Austrian law allows only homologous in vitro fertilization techniques that use the sperm and ova (technically gametes) of the couple who want a child, with a few exceptions. The law was formulated in a manner to protect children from strange family relations. So called strange family relation are a problem in many countries that allow gamete donation from unrelated third parties. Additionally, the law is supposed to protect women from so-called exploitation. This is a concern of many ethicists because they see a great danger in creating a market demand for female gametes which is turning into a multi-million business.
I think that if woman wants to be exploited, let her be. And I think it is not so much about ethicists worrying about women being exploited, but more about preventing multi-million business which is partly okay, because only the rich (or those who can afford) will have the access to treatment. On the other hand, there is a shortage of female gametes, which partly contributes to the fact European laws prevent commercialization. In October 1999 Austrian Court ruled that law did interfere with the right to respect for family life, but that this was justified in the interests of protecting children from the unusual personal relations common with such procedures, such as having both a genetic mother and a surrogate mother.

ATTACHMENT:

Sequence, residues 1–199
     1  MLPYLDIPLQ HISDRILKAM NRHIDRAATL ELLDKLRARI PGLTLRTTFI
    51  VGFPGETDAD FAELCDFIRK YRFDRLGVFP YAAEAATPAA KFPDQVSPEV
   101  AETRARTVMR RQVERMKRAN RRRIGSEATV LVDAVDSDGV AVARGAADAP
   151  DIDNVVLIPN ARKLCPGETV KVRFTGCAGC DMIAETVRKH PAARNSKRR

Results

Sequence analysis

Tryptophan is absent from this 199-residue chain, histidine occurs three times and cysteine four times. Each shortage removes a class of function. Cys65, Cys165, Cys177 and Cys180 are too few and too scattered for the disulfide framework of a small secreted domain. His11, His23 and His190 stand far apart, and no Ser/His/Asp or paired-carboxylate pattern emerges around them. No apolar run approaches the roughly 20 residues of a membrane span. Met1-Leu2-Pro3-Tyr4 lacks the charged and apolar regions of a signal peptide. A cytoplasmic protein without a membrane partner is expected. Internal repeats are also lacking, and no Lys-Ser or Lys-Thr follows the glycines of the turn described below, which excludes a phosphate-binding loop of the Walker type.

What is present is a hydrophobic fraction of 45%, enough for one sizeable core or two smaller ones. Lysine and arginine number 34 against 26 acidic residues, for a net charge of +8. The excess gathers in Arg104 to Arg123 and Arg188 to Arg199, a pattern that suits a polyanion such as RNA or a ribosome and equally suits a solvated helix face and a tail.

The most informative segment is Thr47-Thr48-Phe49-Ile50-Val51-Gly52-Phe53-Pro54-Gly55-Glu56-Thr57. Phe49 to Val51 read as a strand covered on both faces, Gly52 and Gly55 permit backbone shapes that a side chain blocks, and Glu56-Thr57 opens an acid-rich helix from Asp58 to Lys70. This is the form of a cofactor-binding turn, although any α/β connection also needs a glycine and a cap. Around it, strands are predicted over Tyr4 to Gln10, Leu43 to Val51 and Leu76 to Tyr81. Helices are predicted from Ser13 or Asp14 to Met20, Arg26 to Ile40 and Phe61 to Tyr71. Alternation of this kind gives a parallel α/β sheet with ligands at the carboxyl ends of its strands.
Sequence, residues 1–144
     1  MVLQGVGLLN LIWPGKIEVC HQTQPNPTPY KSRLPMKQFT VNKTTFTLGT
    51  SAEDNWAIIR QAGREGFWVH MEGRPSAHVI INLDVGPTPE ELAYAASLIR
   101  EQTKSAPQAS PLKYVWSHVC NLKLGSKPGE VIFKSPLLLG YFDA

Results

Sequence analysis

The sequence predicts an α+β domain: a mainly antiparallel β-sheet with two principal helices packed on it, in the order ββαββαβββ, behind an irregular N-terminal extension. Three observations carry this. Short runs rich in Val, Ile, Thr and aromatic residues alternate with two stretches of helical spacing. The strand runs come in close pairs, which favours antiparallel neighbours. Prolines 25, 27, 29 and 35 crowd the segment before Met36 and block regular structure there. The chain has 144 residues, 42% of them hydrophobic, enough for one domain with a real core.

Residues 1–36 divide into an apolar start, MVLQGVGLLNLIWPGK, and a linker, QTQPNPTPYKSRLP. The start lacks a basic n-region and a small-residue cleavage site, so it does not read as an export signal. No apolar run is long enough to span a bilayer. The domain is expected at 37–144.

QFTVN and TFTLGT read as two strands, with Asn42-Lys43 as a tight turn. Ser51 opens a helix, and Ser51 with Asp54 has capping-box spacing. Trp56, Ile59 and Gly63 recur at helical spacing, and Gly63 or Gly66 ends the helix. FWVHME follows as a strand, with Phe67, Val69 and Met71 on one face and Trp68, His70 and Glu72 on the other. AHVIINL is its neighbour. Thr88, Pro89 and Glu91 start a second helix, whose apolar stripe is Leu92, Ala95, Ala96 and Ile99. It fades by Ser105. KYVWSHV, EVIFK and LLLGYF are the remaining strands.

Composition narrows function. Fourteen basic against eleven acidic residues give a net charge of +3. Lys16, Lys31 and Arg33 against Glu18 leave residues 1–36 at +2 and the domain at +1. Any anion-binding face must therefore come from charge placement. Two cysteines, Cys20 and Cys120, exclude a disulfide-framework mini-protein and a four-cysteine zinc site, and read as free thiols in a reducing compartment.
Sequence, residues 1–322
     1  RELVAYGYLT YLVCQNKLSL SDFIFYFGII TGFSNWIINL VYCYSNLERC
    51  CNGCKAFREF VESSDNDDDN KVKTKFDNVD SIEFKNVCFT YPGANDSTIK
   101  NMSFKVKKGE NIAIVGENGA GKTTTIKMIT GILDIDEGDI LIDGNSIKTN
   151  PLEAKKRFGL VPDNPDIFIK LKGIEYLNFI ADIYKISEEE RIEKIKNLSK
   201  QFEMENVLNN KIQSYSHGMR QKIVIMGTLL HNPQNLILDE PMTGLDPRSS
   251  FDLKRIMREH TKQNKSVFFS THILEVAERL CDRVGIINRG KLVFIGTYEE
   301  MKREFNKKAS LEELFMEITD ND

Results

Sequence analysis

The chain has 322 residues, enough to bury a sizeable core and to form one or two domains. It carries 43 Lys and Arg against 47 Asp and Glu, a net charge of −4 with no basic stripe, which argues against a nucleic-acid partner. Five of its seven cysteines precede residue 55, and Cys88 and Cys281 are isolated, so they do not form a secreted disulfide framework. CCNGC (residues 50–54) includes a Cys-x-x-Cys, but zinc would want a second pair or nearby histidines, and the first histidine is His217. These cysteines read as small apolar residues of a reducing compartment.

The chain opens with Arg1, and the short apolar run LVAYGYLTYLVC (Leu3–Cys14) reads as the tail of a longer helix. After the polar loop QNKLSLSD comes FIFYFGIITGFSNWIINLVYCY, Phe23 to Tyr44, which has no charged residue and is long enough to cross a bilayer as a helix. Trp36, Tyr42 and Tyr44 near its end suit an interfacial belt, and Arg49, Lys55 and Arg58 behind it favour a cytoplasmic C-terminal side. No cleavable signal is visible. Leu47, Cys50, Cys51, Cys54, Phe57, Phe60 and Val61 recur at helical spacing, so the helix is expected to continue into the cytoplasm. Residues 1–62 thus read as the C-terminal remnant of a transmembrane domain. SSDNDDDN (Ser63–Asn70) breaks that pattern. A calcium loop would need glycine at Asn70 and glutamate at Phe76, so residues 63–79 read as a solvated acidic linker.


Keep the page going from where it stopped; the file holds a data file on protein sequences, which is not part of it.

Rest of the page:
ECHR wrote that the law needs to be formulated in a coherent manner and that the judges were not convinced by the government s argument that a complete prohibition was the only way to prevent the risks associated with donor gametes. Additionally, and I agree with them, ECHR said the unusual family relationships are nothing new. There are many families that include family relations that do not follow typical and based on biological parent-child relationship. So called unusual family relationships had existed since the institution of adoption, and they do not pose a threat to a child. Therefore the ECHR awarded 10,000 for each couples.